Break the cycle with a career in alcohol and other drugs support

Break the cycle with a career in alcohol and other drugs support

If you want to make a difference in the lives of those struggling with substance abuse, a career in alcohol and other drugs treatment and support services could be for you. Here’s how to make it happen.


If you’ve never suffered or been exposed to alcohol or drug addiction, you may be unaware of the many unsung heroes who work quietly behind the scenes, assisting others on their road to recovery. These people say making a difference in the lives of those battling substance abuse is a challenging but rewarding task.

Each year around 40,000 Victorians seek the support of Victoria’s alcohol and other drugs (AOD) treatment and support system within the fast-growing health care and social assistance industry. Many qualified specialists are employed to assist patients as they work to break the cycle.

Chisholm Institute Alcohol and Other Drugs, Mental Health and Counselling Education Manager Doug Paroissien says that those who would like to work in the AOD field need to be empathetic and a great listener. “You also need to be open-minded, take on board what’s being explained and use your investigation skills to identify what the issues are. Being flexible and resourceful is also important”.

If you have some of these qualities, a career in AOD support could be your next move.

What does working in Alcohol and Other Drugs support involve?

AOD workers usually work in community-based organisations, withdrawal services, residential rehabilitation services and outreach services, under the guidance of other practitioners and health professionals.

“You are working with people first and foremost and it’s important to be non-judgemental. People who are experiencing challenges in life that have developed over a period of time are reaching out for assistance. It’s important to work on agreed outcomes, make appropriate referrals, be adaptable and address the person’s needs” Doug says.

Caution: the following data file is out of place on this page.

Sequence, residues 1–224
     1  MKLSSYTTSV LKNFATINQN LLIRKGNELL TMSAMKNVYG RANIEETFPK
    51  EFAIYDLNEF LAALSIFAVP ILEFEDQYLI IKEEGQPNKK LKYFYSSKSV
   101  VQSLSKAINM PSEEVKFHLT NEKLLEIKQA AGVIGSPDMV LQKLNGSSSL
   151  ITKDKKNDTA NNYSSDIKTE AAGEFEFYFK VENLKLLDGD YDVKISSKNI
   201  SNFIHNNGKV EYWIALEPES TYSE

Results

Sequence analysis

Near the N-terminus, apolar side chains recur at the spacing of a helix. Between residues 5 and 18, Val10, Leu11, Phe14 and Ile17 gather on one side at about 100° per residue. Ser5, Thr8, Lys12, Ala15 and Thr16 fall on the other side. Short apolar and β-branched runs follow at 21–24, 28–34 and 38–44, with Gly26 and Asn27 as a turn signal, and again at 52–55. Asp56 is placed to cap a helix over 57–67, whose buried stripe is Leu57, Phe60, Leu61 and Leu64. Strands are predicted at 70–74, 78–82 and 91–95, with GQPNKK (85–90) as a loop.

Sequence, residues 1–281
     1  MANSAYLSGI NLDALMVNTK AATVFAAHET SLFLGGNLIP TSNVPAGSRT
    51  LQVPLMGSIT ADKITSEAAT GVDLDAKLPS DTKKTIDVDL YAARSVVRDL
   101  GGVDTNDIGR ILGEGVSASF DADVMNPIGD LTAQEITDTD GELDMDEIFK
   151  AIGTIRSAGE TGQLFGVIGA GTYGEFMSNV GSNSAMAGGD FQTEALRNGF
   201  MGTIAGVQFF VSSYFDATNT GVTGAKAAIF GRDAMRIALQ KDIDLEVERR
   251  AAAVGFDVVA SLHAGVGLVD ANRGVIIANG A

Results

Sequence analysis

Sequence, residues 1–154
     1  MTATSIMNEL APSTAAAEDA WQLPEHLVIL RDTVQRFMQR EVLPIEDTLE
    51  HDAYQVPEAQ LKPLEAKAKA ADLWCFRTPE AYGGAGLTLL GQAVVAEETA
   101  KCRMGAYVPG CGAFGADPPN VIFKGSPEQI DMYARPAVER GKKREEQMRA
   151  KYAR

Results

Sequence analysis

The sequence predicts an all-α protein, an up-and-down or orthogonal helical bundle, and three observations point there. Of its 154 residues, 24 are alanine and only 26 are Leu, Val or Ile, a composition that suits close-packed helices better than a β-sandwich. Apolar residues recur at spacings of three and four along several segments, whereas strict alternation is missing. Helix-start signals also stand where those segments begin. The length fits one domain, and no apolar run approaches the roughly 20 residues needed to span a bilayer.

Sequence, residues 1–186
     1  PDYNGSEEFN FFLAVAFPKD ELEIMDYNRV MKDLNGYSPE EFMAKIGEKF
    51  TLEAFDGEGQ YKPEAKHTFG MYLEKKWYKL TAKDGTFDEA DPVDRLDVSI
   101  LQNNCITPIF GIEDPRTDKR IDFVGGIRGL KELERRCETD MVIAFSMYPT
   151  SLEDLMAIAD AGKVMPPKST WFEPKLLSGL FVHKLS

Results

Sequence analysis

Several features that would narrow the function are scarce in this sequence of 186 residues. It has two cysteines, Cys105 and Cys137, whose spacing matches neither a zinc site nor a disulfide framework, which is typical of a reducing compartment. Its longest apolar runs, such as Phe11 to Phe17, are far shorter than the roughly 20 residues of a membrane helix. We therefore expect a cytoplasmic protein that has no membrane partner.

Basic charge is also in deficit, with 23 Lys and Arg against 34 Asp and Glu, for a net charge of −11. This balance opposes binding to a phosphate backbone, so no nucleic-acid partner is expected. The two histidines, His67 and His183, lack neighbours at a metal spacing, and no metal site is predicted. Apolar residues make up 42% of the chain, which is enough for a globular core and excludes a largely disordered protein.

The type of work you do will depend on your qualifications. If you have a Certificate IV in Alcohol and Other Drugs you could work as a support worker in a rehabilitation unit or as an AOD outreach worker. If you are diploma-qualified you could work as a case worker, conducting assessments and setting out treatment plans.

What are the benefits of working in community support services?

You get to watch people progress through their journey and work towards their personal goals. You meet great people, gain exposure to all different lifestyles, situations, views and opinions which all contribute to your personal growth and self-development. You get to work with supportive colleagues and there is ongoing professional development available.

What are the challenges?

According to Doug, every day is different. “You can’t always stick to proposed timelines and targets which is where adaptability and being flexible comes into it. Some issues can be confronting and could challenge your ethics and beliefs. When working with people there is no lineal path and there are limited support resources available at times.”

Workers are sometimes faced with clients who are intoxicated or under the influence of drugs, causing them to engage in anti-social behaviour which can be confronting.

Courses and career pathways

There are many paths to choose from in the AOD field. A Certificate IV in Alcohol and Other Drugs will qualify you to work as detoxification worker, case worker, alcohol and drugs advisor or outreach worker. A Diploma in Alcohol and Other Drugs could see you working as a drug and alcohol community support worker, a case worker in community services, or an alcohol and other drugs outreach officer.

If you have a strong interest in the mental health sector you could pursue a Certificate IV in Mental Health which can lead to implementing community based programs and activities focusing on mental health, mental illness and psychiatric disability, or a Diploma of Mental Health which will enable you to engage effectively with people experiencing mental health issues and work alongside them to address their needs and goals.

If you are wanting to progress your career even further, you can undertake a Bachelor of Community Mental Health, Alcohol and Other Drugs which can give you the skills you need to provide non-clinical services to specialists such as psychiatrists, nurses and social workers.

To find out more, head to Chisholm’s Community and Social Services page. Chisholm offers Free TAFE for priority courses. Find out about your eligibility.